Mule deer in western Wyoming are bouncing back after suffering harsh impacts from last year’s winter. As part of an extended five-year study on mule deer in the West, the Wyoming Range Project, the Wyoming Game and Fish Department reports mule deer does entered the winter with some of the highest body fat accumulations seen in recent years. That means a good foundation for high fawn production and survival in the spring, and biologists are optimistic this herd is on the road to recovery.
The winter of 2016-2017 was one of the harshest and most impactful on big game in Western Wyoming. It had been five years since mule deer in western Wyoming experienced elevated mortality due to ongoing frigid conditions. The Wyoming Range mule deer herd was especially impacted and the Wyoming Range Mule Deer Project is looking at the impacts of winter in relation to population dynamics. Population dynamics include adult survival, pregnancy, reproduction, fawn survival and how deer migrate seasonally between important habitats —migration corridors. One of the most pressing issues related to this deer population currently is fawn survival.
“We know that because of the effects of the winter and the stresses these does were exposed to in 2016-17, their fawn survival was greatly reduced,” Gary Fralick said, a Jackson area biologist. “And we know that fawns were dying because of poor body condition and malnutrition. Many of the fawns were stillborn in May and June of 2017, and we lost some fawns to predation and by other accidents as well—disease played a role in the survival of the 2017 fawn crop, and so now we want to continue to monitor the rate of recovery of this population.”
This past fall, Game and Fish Managers and University of Wyoming Researchers documented that does are benefiting from good habitat conditions; the snowpack that accumulated in the Wyoming and Salt Ranges helped to produce an exceptional amount of high quality forage for deer to eat. And, because many does were without fawns, the abundant forage resulted in an increase in the animals’ fat reserves.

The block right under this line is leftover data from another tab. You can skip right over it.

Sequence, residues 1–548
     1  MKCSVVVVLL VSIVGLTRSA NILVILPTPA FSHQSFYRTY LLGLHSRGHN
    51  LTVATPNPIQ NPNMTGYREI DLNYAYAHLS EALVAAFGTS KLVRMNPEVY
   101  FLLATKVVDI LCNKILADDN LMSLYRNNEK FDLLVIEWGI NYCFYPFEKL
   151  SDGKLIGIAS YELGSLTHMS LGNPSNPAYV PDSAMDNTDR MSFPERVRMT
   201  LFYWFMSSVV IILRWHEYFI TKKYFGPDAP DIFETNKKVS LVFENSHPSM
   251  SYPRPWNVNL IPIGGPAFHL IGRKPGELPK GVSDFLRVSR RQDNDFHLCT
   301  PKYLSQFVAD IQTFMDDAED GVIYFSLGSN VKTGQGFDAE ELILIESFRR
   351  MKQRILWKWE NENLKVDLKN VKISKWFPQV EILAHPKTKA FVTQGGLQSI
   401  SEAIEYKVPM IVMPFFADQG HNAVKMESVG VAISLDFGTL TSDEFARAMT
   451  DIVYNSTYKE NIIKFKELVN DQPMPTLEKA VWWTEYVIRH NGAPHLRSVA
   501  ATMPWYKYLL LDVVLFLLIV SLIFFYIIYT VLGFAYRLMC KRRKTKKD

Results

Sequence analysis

“Provided the winter continues to stay mild, we will have extremely high over-winter survival, which will be the initial year of the recovery. Fawns that are born with healthy weights and are able to survive the rigors of the first four to five months of life, will be crucial to the road to recovery,” Fralick said.
Hunters should also see good buck hunting in the west.
“High winter mortality did impact the number bucks checked in during the 2017 hunting season, but we were also able to sustain a fairly good buck harvest in spite of the effects of the winter. We believe that with two or three years of high over-winter survival, hunters will enjoy some of the best buck hunting that they’ve observed prior to the effects of the 2017 winter, and so we’re confident of that recovery potential because we’ve observed it in the past, and so the next two to three years will be essential in aiding that recovery, and this initial start of a mild winter will go a long ways into starting that initial phase of the recovery of the Wyoming Range herd,” Fralick said.
Over the next three to five years, depending on winter severity, Game and Fish will continue to document recovery and survival rates in each age class of fawns. The next capture will be in March, and wildlife managers plan to assess the number of fetuses that each doe is carrying and document body weight of the does and their body condition as they depart the winter ranges.